Gandalf, as a young child,
was always getting into the cupboards.
He was the one most likely to be found up a tree
or stuck in a bramble patch,
or curled asleep next to the neighbor’s cow hours after dark.
He told stories of his own devising to the birds,
who would listen long after his brothers and sisters and cousins
and neighbors and parents and passing strangers
had lost patience with him.
He asked why, and how many, and how long, and where, and who, and what next.
Always, always, what next? What else? What if?
His mother taught him to read out of desperation,
and finally she got some peace, and her cupboards and larder went undisturbed.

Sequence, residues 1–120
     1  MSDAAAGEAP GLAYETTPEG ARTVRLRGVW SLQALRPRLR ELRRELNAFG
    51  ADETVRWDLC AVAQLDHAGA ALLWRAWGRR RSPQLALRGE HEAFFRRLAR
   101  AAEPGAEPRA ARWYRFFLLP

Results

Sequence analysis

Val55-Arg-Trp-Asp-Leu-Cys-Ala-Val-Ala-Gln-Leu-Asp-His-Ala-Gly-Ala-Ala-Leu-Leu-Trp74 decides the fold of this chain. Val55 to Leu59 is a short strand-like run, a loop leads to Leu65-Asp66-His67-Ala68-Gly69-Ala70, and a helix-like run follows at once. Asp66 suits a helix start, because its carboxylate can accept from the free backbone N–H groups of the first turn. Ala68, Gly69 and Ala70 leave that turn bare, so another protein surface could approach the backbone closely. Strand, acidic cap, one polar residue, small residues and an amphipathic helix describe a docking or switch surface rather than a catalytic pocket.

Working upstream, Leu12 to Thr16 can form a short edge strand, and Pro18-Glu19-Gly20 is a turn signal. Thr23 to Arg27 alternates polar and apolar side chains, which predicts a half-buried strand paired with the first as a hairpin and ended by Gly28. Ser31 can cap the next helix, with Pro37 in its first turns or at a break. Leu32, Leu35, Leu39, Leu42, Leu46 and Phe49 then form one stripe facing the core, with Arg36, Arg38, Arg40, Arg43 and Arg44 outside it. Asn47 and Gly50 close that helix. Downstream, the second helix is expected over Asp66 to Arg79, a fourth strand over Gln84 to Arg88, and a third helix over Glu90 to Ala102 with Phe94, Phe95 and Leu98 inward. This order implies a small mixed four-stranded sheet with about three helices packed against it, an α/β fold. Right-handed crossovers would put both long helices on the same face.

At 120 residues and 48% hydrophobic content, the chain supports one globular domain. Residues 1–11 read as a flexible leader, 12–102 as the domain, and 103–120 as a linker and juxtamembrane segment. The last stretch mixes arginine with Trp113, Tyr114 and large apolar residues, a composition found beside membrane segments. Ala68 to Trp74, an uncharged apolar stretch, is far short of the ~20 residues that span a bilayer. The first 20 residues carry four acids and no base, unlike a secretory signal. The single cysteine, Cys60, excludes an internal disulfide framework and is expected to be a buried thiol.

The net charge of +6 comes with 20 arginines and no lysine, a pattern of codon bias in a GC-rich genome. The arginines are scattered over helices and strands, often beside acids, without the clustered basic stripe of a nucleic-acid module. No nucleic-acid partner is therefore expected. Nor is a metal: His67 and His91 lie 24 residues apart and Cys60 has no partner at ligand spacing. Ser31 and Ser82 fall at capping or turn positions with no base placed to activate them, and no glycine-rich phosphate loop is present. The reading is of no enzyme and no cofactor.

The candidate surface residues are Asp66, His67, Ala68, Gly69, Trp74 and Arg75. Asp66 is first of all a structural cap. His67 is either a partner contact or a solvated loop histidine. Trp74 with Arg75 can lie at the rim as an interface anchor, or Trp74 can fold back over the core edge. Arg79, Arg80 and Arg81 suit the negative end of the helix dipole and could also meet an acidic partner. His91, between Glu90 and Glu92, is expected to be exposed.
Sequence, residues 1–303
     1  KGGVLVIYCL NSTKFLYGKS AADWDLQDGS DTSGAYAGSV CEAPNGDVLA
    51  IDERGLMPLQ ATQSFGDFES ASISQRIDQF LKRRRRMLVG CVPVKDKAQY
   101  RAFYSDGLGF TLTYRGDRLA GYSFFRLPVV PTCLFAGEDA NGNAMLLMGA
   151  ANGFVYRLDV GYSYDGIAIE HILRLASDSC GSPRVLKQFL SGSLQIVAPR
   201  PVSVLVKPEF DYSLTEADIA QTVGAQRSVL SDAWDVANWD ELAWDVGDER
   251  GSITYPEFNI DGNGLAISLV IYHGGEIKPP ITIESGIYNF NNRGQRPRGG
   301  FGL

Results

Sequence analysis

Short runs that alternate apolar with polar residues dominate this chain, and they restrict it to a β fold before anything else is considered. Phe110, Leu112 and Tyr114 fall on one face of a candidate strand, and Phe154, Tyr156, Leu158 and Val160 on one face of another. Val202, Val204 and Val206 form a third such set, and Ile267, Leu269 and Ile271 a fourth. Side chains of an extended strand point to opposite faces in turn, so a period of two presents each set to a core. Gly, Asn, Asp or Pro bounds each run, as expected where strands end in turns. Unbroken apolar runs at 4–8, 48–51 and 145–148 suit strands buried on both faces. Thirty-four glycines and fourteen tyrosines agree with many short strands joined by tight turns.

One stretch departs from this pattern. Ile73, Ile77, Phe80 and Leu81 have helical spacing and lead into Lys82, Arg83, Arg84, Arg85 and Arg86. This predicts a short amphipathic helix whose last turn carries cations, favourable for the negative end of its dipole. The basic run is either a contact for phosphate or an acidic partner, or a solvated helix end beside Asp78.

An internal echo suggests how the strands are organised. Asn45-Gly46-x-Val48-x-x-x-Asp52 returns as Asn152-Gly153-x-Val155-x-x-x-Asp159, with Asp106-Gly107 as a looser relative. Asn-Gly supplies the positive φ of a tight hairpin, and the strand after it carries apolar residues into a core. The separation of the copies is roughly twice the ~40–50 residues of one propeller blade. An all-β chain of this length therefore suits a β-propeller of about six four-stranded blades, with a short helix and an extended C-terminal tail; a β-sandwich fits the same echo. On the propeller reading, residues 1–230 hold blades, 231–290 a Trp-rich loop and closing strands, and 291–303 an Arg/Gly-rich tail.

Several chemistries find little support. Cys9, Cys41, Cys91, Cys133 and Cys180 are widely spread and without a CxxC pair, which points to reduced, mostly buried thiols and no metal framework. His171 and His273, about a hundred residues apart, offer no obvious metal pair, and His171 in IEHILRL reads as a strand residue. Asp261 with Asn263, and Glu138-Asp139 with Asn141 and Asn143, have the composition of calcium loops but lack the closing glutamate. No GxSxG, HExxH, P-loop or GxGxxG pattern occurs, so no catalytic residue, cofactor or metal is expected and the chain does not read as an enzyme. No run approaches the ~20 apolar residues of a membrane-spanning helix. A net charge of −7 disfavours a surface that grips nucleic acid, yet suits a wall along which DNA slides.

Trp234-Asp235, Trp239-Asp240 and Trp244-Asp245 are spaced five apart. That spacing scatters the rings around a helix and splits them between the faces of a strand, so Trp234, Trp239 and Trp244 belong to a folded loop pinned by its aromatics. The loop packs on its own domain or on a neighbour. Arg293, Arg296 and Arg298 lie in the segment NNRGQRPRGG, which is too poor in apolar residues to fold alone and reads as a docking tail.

Now, Gandalf is an old man.
His questions led to sore feet, sleeping wet, going hungry.
He read books that tried to read him.
He got some answers, and found that answers lead to more questions, always.
There is always a what next? What else? What if?
He misses, sometimes, telling stories
instead of being part of one or another.

Tomorrow, he will seek out a bird. Perhaps an owlet.

Tomorrow will be time to begin again.
Tonight is for dreaming.


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